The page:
484 F.3d 1 (1st Cir. 2007), 05-1430, Asociacion De Subscripcion Conjunta Del Seguro De Responsabilidad Obligatorio v. Flores Galarza

Docket Nº:05-1430.
Citation:484 F.3d 1
Case Date:March 01, 2007
Court:United States Courts of Appeals, Court of Appeals for the First Circuit

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484 F.3d 1 (1st Cir. 2007)



Juan A. FLORES GALARZA, in his personal and official capacity as the Secretary of the Treasury of the Commonwealth of Puerto Rico; and Annabelle Rodríguez, Secretary of Justice of the Commonwealth of Puerto Rico, Defendants, Appellants.

No. 05-1430.

United States Court of Appeals, First Circuit.

March 1, 2007

Heard Nov. 9, 2005.

Order on Rehearing and Rehearing En Banc April 18, 2007.

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Eduardo do Vera Ramírez, with whom Julio César Alejandro Serrano and Landrón & Vera, LLP were on brief, for appellants.

Veronica Ferraiuoli-Hornedo, with whom Rubén T. Nigaglioni, Rafael J. Martínez, and Nigaglioni & Ferraiuoli Law Offices, PSC were on brief, for appellee.

Before LIPEZ, Circuit Judge, GIBSON, [*] Senior Circuit Judge, HOWARD, Circuit Judge.

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LIPEZ, Circuit Judge.

The Compulsory Liability Joint Underwriting Association of Puerto Rico ("JUA"), a Commonwealth-created entity, filed a lawsuit against Juan A. Flores Galarza ("Flores Galarza" or "Secretary"), then the Secretary of the Treasury of the Commonwealth, in both his official and personal capacities, 1 claiming that he violated the Takings Clause of the United States Constitution by withholding from the JUA and appropriating insurance premiums generated by Puerto Rico's compulsory liability insurance law to alleviate the cash-flow problems of the Commonwealth. Flores Galarza moved for judgment on the pleadings, claiming that the forms of relief sought by the plaintiff (declaratory, injunctive, and damages) were barred by the Eleventh Amendment and the doctrine of qualified immunity. The district court denied that motion. We have before us an interlocutory appeal from that denial.

Among other complexities, this case tests the sometimes uncertain boundary between official and personal-capacity claims against a government official, and the applicability of the qualified immunity doctrine to an unusual takings claim. For the reasons set forth below, after concluding that the JUA has standing to sue Flores Galarza, we conclude that, consistent with the Eleventh Amendment, Flores Galarza is amenable to suit in his official capacity for injunctive and declaratory relief, but is protected from damages in his personal capacity by the doctrine of qualified immunity.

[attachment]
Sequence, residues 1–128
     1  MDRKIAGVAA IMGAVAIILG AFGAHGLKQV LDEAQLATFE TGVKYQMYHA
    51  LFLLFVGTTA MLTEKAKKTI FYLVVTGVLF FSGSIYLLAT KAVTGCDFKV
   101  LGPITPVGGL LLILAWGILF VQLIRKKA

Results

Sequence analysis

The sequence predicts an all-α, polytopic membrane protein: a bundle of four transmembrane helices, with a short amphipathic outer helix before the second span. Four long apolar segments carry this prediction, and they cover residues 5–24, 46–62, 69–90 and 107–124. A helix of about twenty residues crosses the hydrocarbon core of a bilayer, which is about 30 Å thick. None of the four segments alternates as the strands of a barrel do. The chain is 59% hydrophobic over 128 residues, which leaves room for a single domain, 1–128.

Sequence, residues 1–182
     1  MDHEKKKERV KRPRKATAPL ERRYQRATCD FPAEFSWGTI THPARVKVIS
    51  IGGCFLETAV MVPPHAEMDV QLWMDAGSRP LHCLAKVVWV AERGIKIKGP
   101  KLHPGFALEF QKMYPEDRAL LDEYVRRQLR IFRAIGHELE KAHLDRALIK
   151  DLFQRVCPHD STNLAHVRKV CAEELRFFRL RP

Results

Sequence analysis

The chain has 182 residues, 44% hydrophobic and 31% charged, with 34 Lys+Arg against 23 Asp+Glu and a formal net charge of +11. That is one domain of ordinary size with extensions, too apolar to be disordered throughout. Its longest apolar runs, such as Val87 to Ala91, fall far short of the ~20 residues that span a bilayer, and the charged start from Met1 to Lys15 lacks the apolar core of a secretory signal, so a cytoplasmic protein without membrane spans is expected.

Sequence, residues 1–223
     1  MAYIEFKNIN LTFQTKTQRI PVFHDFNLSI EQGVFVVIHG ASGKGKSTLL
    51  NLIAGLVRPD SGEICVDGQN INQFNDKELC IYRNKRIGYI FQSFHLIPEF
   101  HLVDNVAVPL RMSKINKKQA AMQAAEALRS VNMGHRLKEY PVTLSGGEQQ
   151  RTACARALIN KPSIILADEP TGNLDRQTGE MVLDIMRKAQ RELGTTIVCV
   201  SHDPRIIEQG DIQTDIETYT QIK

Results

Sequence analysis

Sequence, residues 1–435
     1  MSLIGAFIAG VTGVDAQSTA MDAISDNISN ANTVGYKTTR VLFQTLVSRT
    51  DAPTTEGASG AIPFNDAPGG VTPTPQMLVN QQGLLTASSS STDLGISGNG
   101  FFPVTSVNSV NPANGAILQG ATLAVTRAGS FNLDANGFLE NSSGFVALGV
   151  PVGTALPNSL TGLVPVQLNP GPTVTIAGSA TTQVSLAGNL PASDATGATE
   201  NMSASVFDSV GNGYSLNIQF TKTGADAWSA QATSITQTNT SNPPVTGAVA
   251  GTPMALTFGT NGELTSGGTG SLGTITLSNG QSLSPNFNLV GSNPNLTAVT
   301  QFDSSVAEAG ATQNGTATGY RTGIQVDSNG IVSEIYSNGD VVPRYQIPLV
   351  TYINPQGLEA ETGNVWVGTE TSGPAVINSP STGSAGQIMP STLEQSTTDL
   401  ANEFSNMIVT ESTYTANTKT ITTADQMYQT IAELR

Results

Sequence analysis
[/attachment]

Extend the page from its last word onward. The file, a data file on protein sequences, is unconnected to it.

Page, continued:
A. Law 253: The Compulsory Liability Insurance System

The following facts are drawn from the complaint and, where noted, from relevant statutory and case law. On December 27, 1995, in response to financial losses from uncompensated damages to motor vehicles in traffic accidents, the Commonwealth of Puerto Rico ("Commonwealth") enacted the Compulsory Motor Vehicle Liability Insurance Act, Act No. 253 ("Law 253"), codified at P.R. Laws Ann. tit. 26, §§ 8051-61. Under Law 253, liability insurance coverage is required for all motor vehicles that travel on public thoroughfares. Law 253 "provides each insured vehicle owner with $3000 of coverage for damages caused to third parties per accident in exchange for a uniform premium, initially set at $99 for each private passenger vehicle and $148 for each commercial vehicle." Arroyo-Melecio v. P.R. Am. Ins. Co., 398 F.3d 56, 60-61 (1st Cir.2005) (citing P.R. Laws Ann. tit. 26, §§ 8052(j), 8056(a)).

All "private insurers"--defined under Law 253 as those with more than 1% of the total volume of vehicle liability premiums in Puerto Rico, P.R. Laws Ann. tit. 26, § 8052(b)--

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are required to provide compulsory liability insurance in one of two ways. First, private insurers are "bound to provide the compulsory liability insurance to those motor vehicle owners that request it," id. § 8054(a), unless those owners meet certain statutory criteria, most of which "identify applicants who are bad drivers or otherwise of high risk," Arroyo-Melecio, 398 F.3d at 61. Second, private insurers are required to provide compulsory liability insurance as members of the JUA, to which they must belong. The JUA is an association of all private insurers in Puerto Rico, which "provides compulsory liability insurance to all drivers, including those high-risk drivers whom private insurers are not required to insure." Id. (footnote omitted). "Through the JUA, the risk of insuring these high-risk drivers is thus spread among all the private insurers." Id. at 62.